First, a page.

Fertigation is related to Chemigation—the injection of chemicals—and the two terms are sometimes used interchangeably. However, Chemigation is generally a more controlled and regulated process due to the potentially harmful nature of the chemicals used. Chemigation often involves pesticides, herbicides and fungicides, many of which pose health dangers to humans, animals, and the environment.
- Fertigation is used to spoon-feed additional nutrients or correct nutrient deficiencies detected in plant tissue analysis. It is usually practiced on high-value crops such as vegetables, turf, fruit trees, and ornamentals.
- Injection during the middle one-third or the middle one-half of the irrigation is recommended for fertigation using micropropagation.
- The water supply for fertigation is to be kept separate from the domestic water supply to avoid contamination.
- The change of fertilizer during the growing season is important in order to adjust for fruit, flower, and root development.
Commonly used nutrients
Most plant nutrients can be applied through irrigation systems.
Nitrogen is the most commonly used nutrient; however, naturally occurring nitrogen (N2) is a diatomic molecule which makes up about 80% of the earth’s atmosphere. Most plants cannot directly consume N2, so the nitrogen must be contained as a component of other chemical substances which plants can consume. Commonly anhydrous ammonia, ammonium nitrate and urea are used as bioavailable sources of nitrogen.
Other nutrients needed by plants include phosphorus and potassium. Like nitrogen, plants require these substances to live, but they must be contained in other chemical substances such as monoammonium phosphate or diammonium phosphate to serve as an appropriate nutrient. The common source of potassium is muriate of potash, which chemically is potassium chloride.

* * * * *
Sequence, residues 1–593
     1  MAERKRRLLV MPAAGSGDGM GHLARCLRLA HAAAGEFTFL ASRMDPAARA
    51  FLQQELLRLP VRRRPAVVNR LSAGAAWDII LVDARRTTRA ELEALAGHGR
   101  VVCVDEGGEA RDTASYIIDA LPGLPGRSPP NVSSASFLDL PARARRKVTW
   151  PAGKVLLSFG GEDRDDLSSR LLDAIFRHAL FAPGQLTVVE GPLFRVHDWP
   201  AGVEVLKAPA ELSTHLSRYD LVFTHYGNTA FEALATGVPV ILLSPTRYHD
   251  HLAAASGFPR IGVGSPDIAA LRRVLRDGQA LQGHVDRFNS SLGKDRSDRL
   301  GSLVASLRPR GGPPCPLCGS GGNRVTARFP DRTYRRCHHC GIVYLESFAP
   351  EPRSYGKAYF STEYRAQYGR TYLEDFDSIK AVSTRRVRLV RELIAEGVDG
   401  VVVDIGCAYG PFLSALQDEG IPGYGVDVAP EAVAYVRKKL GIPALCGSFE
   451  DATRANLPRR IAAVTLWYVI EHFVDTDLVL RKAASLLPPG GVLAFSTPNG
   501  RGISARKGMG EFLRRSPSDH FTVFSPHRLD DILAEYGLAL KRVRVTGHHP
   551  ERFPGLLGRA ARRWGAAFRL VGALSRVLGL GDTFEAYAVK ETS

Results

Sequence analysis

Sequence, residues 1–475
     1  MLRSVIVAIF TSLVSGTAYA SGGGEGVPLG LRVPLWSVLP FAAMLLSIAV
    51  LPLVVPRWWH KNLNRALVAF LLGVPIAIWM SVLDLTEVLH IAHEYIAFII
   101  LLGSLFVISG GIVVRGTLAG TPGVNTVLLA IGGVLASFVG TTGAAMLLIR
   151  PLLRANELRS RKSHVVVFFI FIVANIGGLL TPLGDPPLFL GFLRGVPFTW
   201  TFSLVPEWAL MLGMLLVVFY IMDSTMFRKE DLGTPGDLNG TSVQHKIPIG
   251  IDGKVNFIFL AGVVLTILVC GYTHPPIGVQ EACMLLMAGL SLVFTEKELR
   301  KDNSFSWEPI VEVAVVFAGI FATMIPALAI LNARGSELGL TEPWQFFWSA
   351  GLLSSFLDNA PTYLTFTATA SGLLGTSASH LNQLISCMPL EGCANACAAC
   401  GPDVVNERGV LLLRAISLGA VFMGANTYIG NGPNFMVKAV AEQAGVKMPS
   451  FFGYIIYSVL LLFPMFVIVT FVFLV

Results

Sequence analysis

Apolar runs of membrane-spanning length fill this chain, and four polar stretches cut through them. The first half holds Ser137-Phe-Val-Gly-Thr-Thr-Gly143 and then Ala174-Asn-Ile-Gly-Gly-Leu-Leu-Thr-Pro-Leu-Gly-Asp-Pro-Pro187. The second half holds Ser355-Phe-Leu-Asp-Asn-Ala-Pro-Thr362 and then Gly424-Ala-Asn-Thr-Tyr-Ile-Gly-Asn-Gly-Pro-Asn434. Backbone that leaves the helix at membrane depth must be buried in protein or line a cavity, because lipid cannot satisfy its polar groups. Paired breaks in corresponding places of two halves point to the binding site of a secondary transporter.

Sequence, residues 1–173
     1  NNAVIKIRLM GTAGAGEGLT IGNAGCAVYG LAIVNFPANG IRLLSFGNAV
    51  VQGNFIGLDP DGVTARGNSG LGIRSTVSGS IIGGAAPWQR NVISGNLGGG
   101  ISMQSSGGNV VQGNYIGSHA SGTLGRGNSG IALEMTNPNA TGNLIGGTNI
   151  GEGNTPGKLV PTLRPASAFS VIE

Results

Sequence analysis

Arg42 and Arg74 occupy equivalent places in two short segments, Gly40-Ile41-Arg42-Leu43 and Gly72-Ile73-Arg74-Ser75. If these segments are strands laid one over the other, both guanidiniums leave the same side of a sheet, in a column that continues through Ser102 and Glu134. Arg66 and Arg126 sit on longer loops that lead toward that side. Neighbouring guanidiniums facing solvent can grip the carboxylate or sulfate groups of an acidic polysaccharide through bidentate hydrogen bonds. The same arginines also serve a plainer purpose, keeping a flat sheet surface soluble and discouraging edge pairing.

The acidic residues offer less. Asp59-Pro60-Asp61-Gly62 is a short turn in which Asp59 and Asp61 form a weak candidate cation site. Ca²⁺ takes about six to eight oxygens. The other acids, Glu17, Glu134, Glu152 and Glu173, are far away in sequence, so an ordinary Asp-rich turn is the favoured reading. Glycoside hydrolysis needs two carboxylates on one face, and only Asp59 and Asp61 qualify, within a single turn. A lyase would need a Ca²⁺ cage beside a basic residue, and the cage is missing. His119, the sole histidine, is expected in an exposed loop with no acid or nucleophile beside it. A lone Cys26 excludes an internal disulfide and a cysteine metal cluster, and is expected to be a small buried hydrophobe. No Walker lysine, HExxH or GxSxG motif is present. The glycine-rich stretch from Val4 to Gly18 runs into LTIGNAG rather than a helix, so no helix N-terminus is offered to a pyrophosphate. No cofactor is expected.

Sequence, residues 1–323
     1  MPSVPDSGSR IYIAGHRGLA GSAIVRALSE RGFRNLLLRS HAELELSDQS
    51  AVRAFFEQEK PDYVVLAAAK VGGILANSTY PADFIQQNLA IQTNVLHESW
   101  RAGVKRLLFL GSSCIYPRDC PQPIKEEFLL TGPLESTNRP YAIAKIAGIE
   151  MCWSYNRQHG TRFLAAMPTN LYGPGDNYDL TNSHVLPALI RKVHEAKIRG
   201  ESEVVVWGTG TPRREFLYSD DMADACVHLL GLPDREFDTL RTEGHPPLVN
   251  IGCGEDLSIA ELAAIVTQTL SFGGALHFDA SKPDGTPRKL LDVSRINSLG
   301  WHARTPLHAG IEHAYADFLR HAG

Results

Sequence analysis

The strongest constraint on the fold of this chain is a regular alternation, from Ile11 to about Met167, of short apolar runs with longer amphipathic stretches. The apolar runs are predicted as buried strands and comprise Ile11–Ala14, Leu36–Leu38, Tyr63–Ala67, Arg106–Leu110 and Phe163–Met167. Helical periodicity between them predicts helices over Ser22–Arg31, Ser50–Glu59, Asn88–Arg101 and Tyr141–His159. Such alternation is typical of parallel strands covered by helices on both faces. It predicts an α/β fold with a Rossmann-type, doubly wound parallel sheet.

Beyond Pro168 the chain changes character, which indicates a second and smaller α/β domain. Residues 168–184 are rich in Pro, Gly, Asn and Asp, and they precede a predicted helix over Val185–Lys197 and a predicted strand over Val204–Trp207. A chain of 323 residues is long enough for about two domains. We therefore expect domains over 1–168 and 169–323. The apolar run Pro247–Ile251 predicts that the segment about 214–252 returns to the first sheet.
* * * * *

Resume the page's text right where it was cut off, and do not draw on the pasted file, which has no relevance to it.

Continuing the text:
Determining which nutrient is used
- A soil fertility analysis is used to determine which of the more stable nutrients should be used.
The benefits of fertigation methods over conventional or drop-fertilizing methods include:
- Increased nutrient absorption by plants
- Reduction in fertilizer, chemicals and water needed
- Reduced leaching chemicals to water supply
- Reduction in water consumption due to the plant's increased root mass's ability to trap and hold water
- Application of nutrients can be controlled at the precise time as they are needed and at the rate they are utilized
- Minimized risk of the roots contracting soil borne diseases through the contaminated soil
- Elimination of soil erosion issues as the nutrients are pumped through the water drip
- The concentration of the solution decreases as the fertilizer dissolves. This may lead to poor nutrient placement.
- There may be pressure loss in the main irrigation line.
- It has a limited capacity.
- The use of chemical fertilizers of low-sustainability, instead of organic fertilizers.
- It is dependent on the water supply's non-restriction by drought rationing.